Want to go walking? Here are some tips
Now that the holidays are behind us, grab a friend, even a furry friend, and go for a walk. You will feel great, have more energy and improve your overall health.
More and more people are walking as a part of a physically active lifestyle. Six in 10 adults reported walking for at least 10 minutes once a week. According to a CDC Vital Signs report, adults walking this amount of time rose from 56 percent to 62 percent over five years.
Most people are physically able to walk. For many persons with disabilities, walking or moving with assistive devices is also possible. Regular walking helps with weight control and provides many health benefits, even without weight loss. Walking is one of the best forms of physical activity and it can be done almost anywhere, anytime, and for “free.”
The generally recognized health benefits of walking regularly are far-reaching: reduced risk of coronary heart disease, stroke, Type 2 diabetes, depression and some cancers. Walking improves your physical strength and endurance levels. It also strengthens your immune system to help ward off infections.
Tips for walking
Make ample preparations before you go for a walk. Always check with your health care provider before starting any type of physical activity program. The following are some tips on how you can enhance your walking experience.
- If you are a beginner, it is probably best to ease into this new endeavor, particularly if you’re out of shape or easily discouraged. So to begin with, try walking around your neighborhood for about 10 minutes at whatever speed you’re comfortable. No matter how slow you walk, the exercise will be good for you.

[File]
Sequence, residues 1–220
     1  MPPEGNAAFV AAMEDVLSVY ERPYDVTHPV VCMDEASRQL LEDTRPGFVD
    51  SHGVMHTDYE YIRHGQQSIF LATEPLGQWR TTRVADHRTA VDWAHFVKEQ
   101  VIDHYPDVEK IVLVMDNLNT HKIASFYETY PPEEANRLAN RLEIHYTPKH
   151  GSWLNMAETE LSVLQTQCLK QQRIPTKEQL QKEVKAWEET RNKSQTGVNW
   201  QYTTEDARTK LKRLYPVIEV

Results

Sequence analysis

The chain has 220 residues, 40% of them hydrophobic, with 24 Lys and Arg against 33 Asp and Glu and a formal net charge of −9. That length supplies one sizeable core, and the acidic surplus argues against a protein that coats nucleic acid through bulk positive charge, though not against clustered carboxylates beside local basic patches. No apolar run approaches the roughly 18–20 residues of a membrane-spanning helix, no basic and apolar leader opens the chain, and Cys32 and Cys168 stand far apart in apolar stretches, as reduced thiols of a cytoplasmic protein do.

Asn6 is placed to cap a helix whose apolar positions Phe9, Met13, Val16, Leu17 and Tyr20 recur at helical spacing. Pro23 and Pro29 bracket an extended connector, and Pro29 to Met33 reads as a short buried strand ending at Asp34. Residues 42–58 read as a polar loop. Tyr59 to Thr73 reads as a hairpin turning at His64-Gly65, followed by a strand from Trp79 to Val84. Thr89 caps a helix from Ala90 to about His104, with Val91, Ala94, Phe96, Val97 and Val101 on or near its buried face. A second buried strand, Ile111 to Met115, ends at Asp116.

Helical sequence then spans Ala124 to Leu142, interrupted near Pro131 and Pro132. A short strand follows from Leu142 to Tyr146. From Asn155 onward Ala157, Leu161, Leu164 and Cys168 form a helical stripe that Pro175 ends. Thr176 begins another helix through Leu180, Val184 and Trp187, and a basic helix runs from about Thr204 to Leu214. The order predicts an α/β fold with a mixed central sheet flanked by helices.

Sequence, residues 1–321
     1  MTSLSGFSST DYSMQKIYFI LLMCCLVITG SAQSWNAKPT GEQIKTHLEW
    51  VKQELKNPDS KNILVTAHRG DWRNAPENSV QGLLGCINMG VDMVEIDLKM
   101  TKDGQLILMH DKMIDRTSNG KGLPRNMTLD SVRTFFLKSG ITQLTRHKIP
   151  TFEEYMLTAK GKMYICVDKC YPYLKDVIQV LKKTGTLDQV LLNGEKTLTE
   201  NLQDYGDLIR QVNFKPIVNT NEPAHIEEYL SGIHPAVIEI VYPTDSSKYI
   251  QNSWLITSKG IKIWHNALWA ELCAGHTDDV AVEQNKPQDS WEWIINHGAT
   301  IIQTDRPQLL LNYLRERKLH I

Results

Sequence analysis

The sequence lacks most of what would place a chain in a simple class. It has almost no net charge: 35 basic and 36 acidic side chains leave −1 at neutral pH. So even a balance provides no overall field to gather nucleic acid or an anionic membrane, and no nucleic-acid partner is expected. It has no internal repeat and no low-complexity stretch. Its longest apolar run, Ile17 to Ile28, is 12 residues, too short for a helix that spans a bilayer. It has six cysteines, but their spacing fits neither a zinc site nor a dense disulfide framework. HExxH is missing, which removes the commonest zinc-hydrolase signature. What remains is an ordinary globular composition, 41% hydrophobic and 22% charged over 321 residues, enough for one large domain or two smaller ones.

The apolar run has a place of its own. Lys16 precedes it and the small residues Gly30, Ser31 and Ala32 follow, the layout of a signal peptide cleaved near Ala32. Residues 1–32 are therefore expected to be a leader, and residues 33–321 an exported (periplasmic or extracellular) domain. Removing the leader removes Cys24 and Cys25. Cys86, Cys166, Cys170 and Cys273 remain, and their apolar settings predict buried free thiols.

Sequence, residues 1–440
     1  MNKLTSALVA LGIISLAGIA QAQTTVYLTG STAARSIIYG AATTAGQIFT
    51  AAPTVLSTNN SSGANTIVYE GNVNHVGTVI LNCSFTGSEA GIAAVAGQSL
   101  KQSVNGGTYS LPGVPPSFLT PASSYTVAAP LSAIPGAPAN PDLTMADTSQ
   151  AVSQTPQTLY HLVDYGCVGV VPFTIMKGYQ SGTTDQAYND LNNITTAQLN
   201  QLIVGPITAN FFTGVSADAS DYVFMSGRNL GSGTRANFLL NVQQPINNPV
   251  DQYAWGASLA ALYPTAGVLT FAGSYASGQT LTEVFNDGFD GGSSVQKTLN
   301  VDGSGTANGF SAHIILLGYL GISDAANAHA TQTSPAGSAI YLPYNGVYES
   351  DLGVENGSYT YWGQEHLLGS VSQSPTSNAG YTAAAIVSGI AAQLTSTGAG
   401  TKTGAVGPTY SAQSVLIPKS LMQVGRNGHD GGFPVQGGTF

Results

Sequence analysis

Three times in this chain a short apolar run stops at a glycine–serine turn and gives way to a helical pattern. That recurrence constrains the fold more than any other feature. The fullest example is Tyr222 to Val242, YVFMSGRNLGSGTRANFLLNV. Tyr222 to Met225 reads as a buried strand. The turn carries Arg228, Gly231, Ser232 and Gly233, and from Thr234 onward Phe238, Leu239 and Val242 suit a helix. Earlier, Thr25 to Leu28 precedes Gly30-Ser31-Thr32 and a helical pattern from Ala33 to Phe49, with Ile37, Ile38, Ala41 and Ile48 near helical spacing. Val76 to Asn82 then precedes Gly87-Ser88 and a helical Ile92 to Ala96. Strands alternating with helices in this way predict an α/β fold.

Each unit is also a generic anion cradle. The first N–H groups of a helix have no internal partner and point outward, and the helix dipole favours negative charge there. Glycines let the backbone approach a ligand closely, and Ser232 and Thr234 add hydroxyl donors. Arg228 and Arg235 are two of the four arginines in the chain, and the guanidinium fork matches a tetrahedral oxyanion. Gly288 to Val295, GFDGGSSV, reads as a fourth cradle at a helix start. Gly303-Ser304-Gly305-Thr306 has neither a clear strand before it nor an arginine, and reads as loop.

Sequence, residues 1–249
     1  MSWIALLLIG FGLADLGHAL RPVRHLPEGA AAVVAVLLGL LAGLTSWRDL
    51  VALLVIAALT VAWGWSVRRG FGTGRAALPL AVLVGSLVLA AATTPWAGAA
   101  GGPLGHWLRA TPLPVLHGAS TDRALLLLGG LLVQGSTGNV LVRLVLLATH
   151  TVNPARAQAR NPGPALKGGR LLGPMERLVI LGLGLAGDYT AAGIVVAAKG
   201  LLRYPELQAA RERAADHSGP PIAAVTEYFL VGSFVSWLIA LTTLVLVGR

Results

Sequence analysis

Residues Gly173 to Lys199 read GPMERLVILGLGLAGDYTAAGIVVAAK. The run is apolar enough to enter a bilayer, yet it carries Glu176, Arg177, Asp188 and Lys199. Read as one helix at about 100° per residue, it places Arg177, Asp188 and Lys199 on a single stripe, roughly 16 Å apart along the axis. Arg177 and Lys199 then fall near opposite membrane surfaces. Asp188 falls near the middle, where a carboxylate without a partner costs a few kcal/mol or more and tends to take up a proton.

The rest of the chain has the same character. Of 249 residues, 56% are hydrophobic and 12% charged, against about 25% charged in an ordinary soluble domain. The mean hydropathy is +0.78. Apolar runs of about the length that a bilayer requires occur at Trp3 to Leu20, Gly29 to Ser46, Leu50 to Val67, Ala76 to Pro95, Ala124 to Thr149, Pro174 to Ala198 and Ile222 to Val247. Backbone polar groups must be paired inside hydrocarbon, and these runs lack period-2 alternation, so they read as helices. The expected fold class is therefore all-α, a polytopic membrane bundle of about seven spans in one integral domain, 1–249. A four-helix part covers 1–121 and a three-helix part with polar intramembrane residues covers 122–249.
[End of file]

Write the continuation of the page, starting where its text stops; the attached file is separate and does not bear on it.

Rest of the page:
- Wear shoes and socks that are comfortable. Use cotton socks; avoid synthetic material as they do not allow sweat to evaporate.
- Wear loose, protective clothing, preferably cotton. Dress in accordance to weather conditions. Wear suitable warm clothing in the winter and cool comfortable clothing in the summer. Don’t forget your sunscreen and hat.
- Drink water before and after you walk.
- Do warm-up sessions – walk slowly for about five minutes until your muscles warm up. Warming up your muscles reduces risk of injury. Stretch for about five minutes before walking.
- To reduce stress on your heart and muscles, end each walking session by walking slowly for about five minutes. Then repeat your stretching.
- Starting a walking program may not be easy. You may be constantly discouraged due to a variety of reason, such as bad weather, lack of sleep or too much work. Whatever your reason may be, remember that it takes patience and persistence to stick to your resolution of walking regularly. Mall walking has increasingly become a popular method of walking with others. Many malls open early to allow walkers to exercise inside in a safe and comfortable environment. Even if you don’t go there with someone, you are in a sense involved with a group activity. And if you do it regularly, you’re likely to become acquainted with other mall walkers that you can accompany during your regimen. Walking, like most things, is habit-forming and you may need to develop the habit over time.
The health benefits that regular walking brings will overshadow all difficulties and it is well worth your effort. It doesn’t have to be strenuous to produce results. Even walking for 30 minutes or less a day has been reported to produce measurable benefits, even among those who are least active.
Betsy Campbell, MPH, CEHRS is Senior Health Educator at Partnership HealthPlan of California, a partner of Solano Coalition for Better Health.
Betsey Campbell, MPH